Bridges Burning at DOT

weinshall.jpgOutgoing Bike Program Director Rips Agency Bosses

The long-time Director of the New York City Department of Transportation’s Bicycle Program says that Commissioner Iris Weinshall and her top deputy for traffic operations, Michael Primeggia have burdened the city with unnecessary law suits and stymied the progress of the city’s bicycle programs.

"I waited for a long time for the direction from the commissioner’s office to change, or for the commissioner to be changed," Andrew Vesselenovitch e-mailed to about twenty agency colleagues and a handful outsiders on Friday, his last day at the agency. "I hope that you won’t have to wait much longer."

In his resignation letter, Vesselenovitch cites two specific examples of agency failures. First, he claims that DOT could have saved the city millions of dollars in lawsuits "resulting from the puzzling addition of unusually high expansion joint covers on the Williamsburg Bridge." Vesselenovitch says he brought the issue to the attention of Deputy Commissioner Michael Primeggia in 2003 and was told to "butt out."

The infamous "bone-breaking bridge bumps" caused serious injuries to numerous New York City cyclists and generated $10 million in law suits, one-fifth the total cost of building the the bridge’s bicycle and pedestrian paths.

Vesselenovitch also says the agency "could have produced plans for forty to fifty miles of workable bicycle lanes each year" but inexplicably only managed to install a little more than fifteen miles of bike lanes in the last two years.

At 6:05 pm on Friday, Vesselenovitch ended his five-year tenure at DOT, writing, "The motivation for my seeking to leave is not so happy for me or for the city. There is much more that the bicycle program could have done than it was allowed to do."

Vesselenovitch’s resignation and criticism arrives at the end of a month in which three cyclists were killed on the streets of New York City. In its brief, two sentence, official statement following the fatalities, DOT implied that there is little it can do to make the city’s "crowded streets" safer for cyclists.

Based on the e-mail below, the agency’s Bicycle Program Director believes otherwise:

From: Vesselinovitch, Andrew
Sent: Friday, July 07, 2006 6:05 PM
Subject: Leaving DOT

Dear All:

As many of you know, today is my last day at DOT. As many of you also know, I am leaving to pursue a wonderful opportunity to study architecture, a lifelong interest. I want to thank all of you for having made my five years at DOT and seven years in city government productive and exciting.

I would also like to add that the motivation for my seeking to leave is not so happy for me or for the city. There is much more that the bicycle program could have done than it was allowed to do. The bicycle program, for example, could have produced plans for 40-50 miles of workable bicycle lanes each year. Instead, DOT installed little more than 15 miles, total, in the last two years. We could have saved the city settlements for lawsuits (and residents injuries) resulting from the puzzling addition of unusually high expansion joint covers on the Williamsburg Bridge. I brought this to bridge’s attention in 2003 and was told by Michael Primeggia butt out.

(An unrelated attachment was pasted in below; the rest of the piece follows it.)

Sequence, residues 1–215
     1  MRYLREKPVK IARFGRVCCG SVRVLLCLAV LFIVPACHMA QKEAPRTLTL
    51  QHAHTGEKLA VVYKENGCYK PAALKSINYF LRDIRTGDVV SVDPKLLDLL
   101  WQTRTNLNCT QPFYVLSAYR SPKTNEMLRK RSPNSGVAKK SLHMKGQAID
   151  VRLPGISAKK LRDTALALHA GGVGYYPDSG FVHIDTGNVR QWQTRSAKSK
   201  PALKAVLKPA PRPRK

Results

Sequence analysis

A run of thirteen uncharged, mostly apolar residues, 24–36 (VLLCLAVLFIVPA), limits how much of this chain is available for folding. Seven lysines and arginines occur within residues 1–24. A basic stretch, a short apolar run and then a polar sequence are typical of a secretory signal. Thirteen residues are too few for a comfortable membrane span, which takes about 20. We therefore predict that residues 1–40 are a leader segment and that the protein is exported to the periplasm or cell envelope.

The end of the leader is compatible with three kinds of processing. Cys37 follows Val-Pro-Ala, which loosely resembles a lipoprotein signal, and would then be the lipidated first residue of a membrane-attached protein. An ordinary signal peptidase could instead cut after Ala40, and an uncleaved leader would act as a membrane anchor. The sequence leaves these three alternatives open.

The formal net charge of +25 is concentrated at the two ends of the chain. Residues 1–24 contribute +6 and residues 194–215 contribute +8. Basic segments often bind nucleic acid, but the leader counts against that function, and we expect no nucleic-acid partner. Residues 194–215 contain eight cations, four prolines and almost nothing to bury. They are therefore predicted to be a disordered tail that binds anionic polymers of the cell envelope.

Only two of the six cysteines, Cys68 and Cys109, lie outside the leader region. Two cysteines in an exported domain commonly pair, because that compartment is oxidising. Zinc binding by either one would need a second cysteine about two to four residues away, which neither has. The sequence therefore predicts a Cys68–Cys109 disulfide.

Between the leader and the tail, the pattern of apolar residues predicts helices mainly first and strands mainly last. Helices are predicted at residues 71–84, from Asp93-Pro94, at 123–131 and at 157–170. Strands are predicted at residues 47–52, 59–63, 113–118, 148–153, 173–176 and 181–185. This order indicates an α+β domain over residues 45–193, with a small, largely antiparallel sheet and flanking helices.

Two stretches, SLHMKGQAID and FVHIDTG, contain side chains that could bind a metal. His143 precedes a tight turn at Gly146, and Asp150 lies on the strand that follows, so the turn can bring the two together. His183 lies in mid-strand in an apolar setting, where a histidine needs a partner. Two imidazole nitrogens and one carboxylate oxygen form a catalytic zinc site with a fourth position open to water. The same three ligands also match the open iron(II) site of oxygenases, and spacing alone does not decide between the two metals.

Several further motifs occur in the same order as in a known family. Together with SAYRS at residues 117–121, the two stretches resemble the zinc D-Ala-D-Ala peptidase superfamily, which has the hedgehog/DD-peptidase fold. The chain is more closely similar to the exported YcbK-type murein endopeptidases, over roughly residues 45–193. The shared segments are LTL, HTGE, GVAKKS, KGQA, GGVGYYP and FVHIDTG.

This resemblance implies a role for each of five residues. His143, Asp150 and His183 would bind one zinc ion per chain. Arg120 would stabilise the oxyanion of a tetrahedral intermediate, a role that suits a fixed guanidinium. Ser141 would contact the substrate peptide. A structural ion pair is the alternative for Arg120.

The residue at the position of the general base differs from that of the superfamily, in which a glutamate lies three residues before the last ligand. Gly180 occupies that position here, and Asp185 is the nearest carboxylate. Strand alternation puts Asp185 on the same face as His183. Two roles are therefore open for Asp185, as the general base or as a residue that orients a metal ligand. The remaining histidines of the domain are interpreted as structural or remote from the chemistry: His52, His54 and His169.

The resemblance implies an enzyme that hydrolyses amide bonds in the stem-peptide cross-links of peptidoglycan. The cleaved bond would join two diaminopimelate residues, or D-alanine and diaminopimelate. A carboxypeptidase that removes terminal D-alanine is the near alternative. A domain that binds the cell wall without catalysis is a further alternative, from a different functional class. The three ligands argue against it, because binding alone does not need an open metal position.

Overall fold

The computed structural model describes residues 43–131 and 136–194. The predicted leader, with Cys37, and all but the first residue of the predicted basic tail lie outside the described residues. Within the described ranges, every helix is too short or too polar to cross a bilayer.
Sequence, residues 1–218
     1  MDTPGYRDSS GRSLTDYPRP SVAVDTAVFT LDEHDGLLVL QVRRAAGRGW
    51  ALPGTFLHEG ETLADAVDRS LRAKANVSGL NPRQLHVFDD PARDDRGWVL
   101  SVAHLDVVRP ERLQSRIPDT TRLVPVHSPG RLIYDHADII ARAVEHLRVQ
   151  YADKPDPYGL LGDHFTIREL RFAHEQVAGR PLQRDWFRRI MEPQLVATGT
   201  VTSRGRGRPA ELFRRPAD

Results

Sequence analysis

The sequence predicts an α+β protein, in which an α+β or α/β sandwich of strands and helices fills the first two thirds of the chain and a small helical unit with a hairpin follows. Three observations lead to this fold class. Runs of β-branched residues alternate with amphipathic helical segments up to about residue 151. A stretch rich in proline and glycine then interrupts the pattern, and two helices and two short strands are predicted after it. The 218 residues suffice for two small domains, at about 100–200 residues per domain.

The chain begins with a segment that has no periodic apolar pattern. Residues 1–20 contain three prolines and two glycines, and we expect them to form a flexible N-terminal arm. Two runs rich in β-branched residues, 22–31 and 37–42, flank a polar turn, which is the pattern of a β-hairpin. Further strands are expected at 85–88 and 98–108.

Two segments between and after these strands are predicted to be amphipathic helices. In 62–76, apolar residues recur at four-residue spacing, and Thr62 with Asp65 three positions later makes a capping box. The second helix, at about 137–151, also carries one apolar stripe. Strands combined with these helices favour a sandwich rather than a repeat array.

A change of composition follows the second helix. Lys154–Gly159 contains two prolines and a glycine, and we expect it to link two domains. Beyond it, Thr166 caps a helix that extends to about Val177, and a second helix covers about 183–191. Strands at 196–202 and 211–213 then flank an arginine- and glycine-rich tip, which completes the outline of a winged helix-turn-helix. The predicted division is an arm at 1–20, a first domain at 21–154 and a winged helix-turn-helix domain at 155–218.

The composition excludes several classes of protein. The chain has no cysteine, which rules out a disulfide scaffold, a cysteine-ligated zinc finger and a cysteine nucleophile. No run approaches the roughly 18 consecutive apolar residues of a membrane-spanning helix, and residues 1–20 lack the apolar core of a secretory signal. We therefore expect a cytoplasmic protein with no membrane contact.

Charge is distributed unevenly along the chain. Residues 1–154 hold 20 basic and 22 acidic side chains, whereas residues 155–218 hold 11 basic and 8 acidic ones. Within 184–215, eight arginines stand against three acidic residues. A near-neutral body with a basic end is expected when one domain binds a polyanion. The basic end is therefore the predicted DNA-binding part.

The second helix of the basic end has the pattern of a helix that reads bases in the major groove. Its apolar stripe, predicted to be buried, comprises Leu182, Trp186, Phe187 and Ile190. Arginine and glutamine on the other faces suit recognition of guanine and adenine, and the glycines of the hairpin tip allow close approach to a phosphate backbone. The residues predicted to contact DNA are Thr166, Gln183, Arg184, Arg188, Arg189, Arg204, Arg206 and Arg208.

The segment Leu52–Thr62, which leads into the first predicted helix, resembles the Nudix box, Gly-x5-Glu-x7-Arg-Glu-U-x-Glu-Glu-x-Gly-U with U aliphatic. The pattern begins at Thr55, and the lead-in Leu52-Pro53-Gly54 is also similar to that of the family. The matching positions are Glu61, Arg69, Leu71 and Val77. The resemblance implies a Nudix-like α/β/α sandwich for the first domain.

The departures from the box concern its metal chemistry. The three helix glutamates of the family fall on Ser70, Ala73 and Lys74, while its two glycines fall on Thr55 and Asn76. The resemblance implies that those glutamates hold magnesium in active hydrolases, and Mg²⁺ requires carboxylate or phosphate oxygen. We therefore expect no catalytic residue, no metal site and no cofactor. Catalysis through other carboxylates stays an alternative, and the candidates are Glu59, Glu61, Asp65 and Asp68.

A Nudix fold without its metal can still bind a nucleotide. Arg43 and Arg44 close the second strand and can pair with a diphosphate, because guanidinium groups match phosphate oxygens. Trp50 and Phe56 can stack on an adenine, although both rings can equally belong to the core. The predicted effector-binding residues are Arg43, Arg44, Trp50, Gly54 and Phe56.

I waited for a long time for the direction from the commissioner’s office to change, or for the commissioner to be changed. I hope that you won’t have to wait much longer.

Thank you and good luck,

Andrew Vesselinovitch
Bicycle Program Director
40 Worth Street, Room 1035
New York, New York 10013

  • Sam

    Imagine if there was a Department of Bicycling that had the power to say there was little it could do to make the city’s uncrowded streets and exclusive transit lanes more convenient for automobiles.

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  • dot

    I’d like to add that as someone who saw some of the initial northside Williamsburg Bridge bikeway designs, the specs specifically called for expansion joints that would provide the minimum disruption.

    It was only later that someone decided to change the design for reasons I can’t begin to imagine.

  • Back when I was writing a column for the New York Press I wrote a story on the bridge bumps and really did a ton of research on the issue. One of the things I heard was that someone at DOT thought that the higher expansion joints would function as speed bumps to help ensure cyclists wouldn’t ride too fast on the bridge. I only got this from second- and third-hand sources so I never printed it. If that story is true then, well, every neighborhood street that has waited five years for DOT to install a speed bump or some other traffic-calming measure would have to be envious of the bridge.

  • even more sad evidence of DOTs bias against bikes is that the long-promised Bike Station in the Whitehall ferry terminal apparently is not happening. MWA had asked 2 years ago for DOT to put us on the list of prospective bidders for operating a bike rental, secure storage (and ferry riders advocacy office) but I learnd from a DOT source last winter that the plan was scrapped — all so that the operator of a newstand could have “more storage” How pathetic.

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